To ensure continuous betting is possible, we have one further rule: If a fly starts more than half way up the wall then their target is below them: their goal is to walk down the wall, not up it.

The flies are given gruesome competitive names like Blood-drinker and Face-Eater. They have their own legions of fans and admirers.

Rumours that the flies are entirely digitally rendered are just that. Unproven... if well-founded... rumours. Nothing more!

The crucial thing is to select flies that have high winning stats and then allow them to breed. (I guess it's easier to just eliminate the flies that do poorly)

There are two paths ahead of me. One of them is to remain a regular work-a-day Joe. The other is to become rich beyond my wildest dreams by farming maggots. Decisions decisions.

 

Boothby, a personal database

I have this problem where friends of mine keep having babies.

I don't know if you've been to school, but if you have you might know that the mathematics of having babies is pretty scary. Take rabbits. You start with two rabbits, leave them alone for a little while and next thing there's a heck of a lot of rabbits. There's an exponent involved. It's all quite sinister.

The trouble with this growing number of babies is that I'm expected to remember all their names and genders and ages and so on. But while their numbers are exponentially growing my brain is not undergoing so much as linear expansion. If anything it's contracting of late.

And while there's already places online for storing these 'social graphs' they fail miserably at the kind of remembering I need help with and are more hellbent on serving me ads than easing my mental burden.

Then I saw that Steven Frank just implemented something similar to what I wanted, he called it Dossier, so rather than implementing something from scratch, I could steal all his ideas and re-brand them as my own.

Hence I wrote this thing, Boothby.

It's for storing the things you can't remember.

Try Boothby Online Right Now.

Later I might make it a little standalone kayak app, that you can install on your own computers, and sync via dropbox etc.

Or I could charge you 10 bucks a month to grant you access to your own private online instance. That's the business to be in.

 

The Nimble Bundle

To celebrate John Venn's 180th Birthday, we're having a Month-long Mega-Month of Set-Loving Madness.

For the rest of August, NimbleSET and NimbleText will both be available as part of the special "Nimble Bundle".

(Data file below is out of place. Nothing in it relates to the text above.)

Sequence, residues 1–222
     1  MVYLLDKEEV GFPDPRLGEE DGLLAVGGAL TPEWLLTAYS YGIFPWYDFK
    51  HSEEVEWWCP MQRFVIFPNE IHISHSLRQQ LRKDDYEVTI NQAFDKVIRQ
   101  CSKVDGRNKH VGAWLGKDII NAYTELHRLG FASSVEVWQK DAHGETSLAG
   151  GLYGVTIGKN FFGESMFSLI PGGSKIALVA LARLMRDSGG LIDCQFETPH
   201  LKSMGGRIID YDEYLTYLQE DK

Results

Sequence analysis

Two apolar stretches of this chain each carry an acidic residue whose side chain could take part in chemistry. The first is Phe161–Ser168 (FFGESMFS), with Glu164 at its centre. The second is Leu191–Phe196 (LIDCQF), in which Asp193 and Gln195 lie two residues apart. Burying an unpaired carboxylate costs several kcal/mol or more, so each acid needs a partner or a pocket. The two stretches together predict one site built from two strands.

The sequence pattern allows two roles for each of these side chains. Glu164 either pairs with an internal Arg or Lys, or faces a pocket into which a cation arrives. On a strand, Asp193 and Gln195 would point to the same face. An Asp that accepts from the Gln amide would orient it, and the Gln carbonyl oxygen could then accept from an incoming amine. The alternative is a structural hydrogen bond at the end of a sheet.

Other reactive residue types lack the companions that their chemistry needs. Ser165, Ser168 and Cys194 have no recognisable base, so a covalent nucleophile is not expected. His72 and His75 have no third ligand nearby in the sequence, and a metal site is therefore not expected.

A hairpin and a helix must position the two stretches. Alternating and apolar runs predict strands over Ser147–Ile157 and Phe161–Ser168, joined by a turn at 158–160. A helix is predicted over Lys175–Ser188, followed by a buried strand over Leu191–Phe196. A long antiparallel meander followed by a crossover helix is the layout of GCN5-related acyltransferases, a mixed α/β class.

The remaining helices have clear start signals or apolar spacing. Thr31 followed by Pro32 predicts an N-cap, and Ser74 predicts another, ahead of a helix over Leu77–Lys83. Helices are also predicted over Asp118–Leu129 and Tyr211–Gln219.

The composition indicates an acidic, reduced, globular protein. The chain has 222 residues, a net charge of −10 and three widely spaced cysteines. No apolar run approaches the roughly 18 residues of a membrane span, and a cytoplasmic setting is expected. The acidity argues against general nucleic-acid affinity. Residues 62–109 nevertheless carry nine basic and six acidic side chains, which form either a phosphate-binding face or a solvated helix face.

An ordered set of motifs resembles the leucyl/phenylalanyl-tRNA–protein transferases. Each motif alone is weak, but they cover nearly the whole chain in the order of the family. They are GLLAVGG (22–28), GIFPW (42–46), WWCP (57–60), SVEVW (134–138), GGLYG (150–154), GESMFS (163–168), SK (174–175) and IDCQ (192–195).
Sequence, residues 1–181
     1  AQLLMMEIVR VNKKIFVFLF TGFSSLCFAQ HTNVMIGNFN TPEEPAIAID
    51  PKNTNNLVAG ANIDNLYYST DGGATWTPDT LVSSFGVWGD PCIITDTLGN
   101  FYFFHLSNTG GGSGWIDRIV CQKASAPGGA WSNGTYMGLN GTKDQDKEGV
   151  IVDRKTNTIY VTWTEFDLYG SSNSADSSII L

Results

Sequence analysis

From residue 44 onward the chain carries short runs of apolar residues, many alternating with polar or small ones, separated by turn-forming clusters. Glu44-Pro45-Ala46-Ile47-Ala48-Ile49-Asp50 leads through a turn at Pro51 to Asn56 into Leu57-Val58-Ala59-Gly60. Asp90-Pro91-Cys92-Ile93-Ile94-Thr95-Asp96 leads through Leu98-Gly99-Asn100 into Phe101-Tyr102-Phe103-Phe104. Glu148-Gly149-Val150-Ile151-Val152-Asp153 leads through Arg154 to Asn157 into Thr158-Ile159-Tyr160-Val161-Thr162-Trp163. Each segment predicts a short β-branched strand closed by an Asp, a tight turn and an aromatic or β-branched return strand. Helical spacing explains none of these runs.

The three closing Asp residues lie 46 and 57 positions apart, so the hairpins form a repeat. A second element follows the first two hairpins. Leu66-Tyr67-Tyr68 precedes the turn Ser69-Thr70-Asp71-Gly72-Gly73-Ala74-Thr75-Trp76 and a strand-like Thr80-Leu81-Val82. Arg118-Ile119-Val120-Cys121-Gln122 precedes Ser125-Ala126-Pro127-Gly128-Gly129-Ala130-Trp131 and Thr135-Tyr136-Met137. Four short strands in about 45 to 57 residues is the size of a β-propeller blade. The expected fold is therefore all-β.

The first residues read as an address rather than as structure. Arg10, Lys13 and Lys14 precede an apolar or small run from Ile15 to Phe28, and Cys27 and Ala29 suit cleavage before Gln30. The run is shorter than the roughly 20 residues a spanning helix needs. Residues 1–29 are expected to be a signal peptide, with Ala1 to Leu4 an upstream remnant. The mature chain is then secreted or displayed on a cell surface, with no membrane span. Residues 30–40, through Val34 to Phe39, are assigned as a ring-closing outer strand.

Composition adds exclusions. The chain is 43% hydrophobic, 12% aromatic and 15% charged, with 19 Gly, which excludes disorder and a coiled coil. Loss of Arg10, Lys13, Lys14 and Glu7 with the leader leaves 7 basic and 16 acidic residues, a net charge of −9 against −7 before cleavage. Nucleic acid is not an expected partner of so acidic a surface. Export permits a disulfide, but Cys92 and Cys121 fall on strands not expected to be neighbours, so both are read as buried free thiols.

If you buy the bundle you'll save $10 over what you'd otherwise pay. That's a handy piece of cash to take home.

Venn Diagram showing NimbleBundle as the intersection of NimbleText and NimbleSET

Or to put it another way. When you buy NimbleText, for just $5 more, you get NimbleSET thrown in.

Here's a cartoon of Me, throwing NimbleSET in for $5.

cartoon of me throwing in nimbleset for $5

I'm not sure why I look so angry. Maybe because it's so cheap. I'm angry to be throwing away my work for such a steal, yes that's it.

Now, just for fun, try saying "Nimble Bundle" five times quickly. "Nimble Bundle, Nimble Bundle, NimbleBundle, Nindle Bumble, Bumble Lindel."


You're still here? Ah well, if you're going to keep reading you may as well stick around while we discuss the behavioural economics that underpins the things I've attempted above.

First let's discredit the stated premise: this has nothing to do with John Venn's Birthday. Yes, NimbleSET is software for Venn-diagram-style comparisons of lists... but why would I know or care when the man's birthday is? I'm not even facebook-friends with the guy. No, the John Venn thing is cover for a different motive. I happened to see a google doodle about him and thought it would be a plausible 'angle' for the psycho-swindle I wanted to inflict on you, my good friends.

If it's not about John Venn then what is it about? Well, money, of course, and my desire to separate you from yours, making it mine forever. But what's the specific psychology of the situation and why is it likely to increase the fatness of my wallet?

When I first put out NimbleSET (back in January) I saw a sudden and permanent *decrease* in the sales of NimbleText. And it wasn't made up for by sales of NimbleSET, not nearly. I tried to ignore it, and tried to explain it away, but I was really at a loss to understand it. Until I read about the decoy effect and the idea of decoy products.

The decoy effect is a well tested phenomenon where:

"consumers have a specific change in preference between two options when also presented with a third option that is asymmetrically dominated."